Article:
As Africa sinks deeper into the third Covid-19 wave, the temptation to reinstate punishing lockdowns is growing. From Lusaka to Kampala, governments are coping with a sudden surge in new cases averaging 130 percent week-on-week.
Grim as the present situation appears, total lockdowns should be the last of possible responses to the latest surge. Keeping people indoors is attractive to governments in Africa because it comes with little responsibility for the vulnerable individual. The elite are protected from their more painful consequences. Amid rising social discontent, they also hand authorities the tools for repression under the guise of the public interest.
As Europe, the US and India have shown, lockdowns are beneficial and practical only under certain social dynamics. Where the state or other agencies are able to supply the basic needs of the people, the benefits outweigh the downside. Where people live from hand to mouth, they are simply impractical. They are more beneficial when they are coupled with massive vaccination against the virus.
With perhaps one or two exceptions, none of those conditions obtain anywhere in sub-Saharan Africa. From a purely epidemiological standpoint, the third wave should be seen as an opportunity to mobilise populations to adhere to standard operating procedures. Coming on the limb of the political season in many countries, messaging against Covid-19 was difficult. Many people saw the imposition of controls as beneficial to one political group. It did not help matters that even in subregional groupings there was no unity on best practices, further reinforcing the view that the pandemic was a political malady.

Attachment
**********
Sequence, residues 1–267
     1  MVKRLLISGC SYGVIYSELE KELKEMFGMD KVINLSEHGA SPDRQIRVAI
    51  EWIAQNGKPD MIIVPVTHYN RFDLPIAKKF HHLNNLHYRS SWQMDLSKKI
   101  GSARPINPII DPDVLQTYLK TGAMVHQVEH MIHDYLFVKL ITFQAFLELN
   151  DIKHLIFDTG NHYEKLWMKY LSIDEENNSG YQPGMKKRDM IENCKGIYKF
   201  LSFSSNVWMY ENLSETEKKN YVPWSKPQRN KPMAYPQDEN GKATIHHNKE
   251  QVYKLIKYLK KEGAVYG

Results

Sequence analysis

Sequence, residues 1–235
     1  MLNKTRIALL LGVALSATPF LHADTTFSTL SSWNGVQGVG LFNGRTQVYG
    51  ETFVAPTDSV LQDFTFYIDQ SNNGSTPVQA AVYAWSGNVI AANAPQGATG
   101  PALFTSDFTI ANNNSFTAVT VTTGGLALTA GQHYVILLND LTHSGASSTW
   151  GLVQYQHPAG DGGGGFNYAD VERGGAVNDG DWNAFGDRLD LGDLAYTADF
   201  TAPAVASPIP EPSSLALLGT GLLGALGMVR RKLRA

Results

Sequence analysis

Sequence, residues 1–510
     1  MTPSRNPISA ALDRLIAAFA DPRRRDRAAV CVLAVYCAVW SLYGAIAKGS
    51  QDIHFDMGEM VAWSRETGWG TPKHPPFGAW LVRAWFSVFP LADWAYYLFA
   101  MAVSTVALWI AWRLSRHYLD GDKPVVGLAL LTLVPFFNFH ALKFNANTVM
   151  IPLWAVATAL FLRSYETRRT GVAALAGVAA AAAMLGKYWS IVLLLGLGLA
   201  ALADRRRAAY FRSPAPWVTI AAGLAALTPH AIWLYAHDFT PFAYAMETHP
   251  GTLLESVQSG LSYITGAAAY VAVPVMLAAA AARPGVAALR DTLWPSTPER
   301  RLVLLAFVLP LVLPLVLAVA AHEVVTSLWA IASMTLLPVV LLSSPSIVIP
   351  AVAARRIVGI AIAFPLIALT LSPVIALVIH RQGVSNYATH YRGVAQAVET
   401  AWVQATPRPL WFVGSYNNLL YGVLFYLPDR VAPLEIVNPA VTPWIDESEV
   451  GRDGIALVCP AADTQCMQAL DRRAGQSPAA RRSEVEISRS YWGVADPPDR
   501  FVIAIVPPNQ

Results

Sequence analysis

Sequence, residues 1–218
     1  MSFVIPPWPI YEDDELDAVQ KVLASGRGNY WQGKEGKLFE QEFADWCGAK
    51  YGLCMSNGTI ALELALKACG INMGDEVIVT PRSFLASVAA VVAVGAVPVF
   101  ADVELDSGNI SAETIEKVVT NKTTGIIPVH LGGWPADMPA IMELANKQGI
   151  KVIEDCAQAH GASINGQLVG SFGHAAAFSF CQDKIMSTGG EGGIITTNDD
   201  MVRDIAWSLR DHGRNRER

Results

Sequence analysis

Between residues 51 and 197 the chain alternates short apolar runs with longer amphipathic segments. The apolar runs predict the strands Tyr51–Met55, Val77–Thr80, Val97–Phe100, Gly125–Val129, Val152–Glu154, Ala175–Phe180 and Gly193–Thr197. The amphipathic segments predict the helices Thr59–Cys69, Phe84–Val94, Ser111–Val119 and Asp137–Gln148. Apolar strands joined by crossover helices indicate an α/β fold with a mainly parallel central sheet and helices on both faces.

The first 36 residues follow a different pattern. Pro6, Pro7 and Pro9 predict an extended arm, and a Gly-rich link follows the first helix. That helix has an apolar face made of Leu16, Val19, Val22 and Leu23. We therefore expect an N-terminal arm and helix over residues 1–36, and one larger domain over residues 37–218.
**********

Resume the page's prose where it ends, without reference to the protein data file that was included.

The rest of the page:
The third wave changes all that because it has given visibility to the pandemic at close quarters. It is same to posture that everyone has now had an experience of Covid either by falling sick or seeing another person fall sick and die of the disease. That should trigger a natural remission and it’s quite possible that we have already reached the plateau of the third wave. It is now easier to enforce compliance by policing the few holdouts. Measures that create antagonism by threatening livelihoods, will only undermine public goodwill.
Authorities instead need to focus on what went wrong during the first waves. Given the time lag, systems should have been better prepared and we should be seeing fewer cases. There has been poor accountability for the huge sums borrowed and deployed in the name of the pandemic. In many places, vaccination rates are lagging well below one percent of the population.
The economic penalty from the last lockdown is still imposing a heavy drag on growth amid heavy borrowing. New lockdowns will further devastate already ailing economies.
Attention should shift to the real problem, which appears to be bureaucratic dysfunction. The lack of preparedness or coordinated responses has become glaring in the past few months. Even the few donor-provided vaccines have gone to waste in some places, because there was no system for reaching target populations. Money for shoring up the health system cannot be fully accounted for while health workers on the frontline are succumbing for lack of adequate protection.
If any lessons have been learnt, they point not to lockdowns but the need for policy coordination at a sub-regional level; full-throttle vaccination drives, strengthening of health systems and expanding the reach of social protection.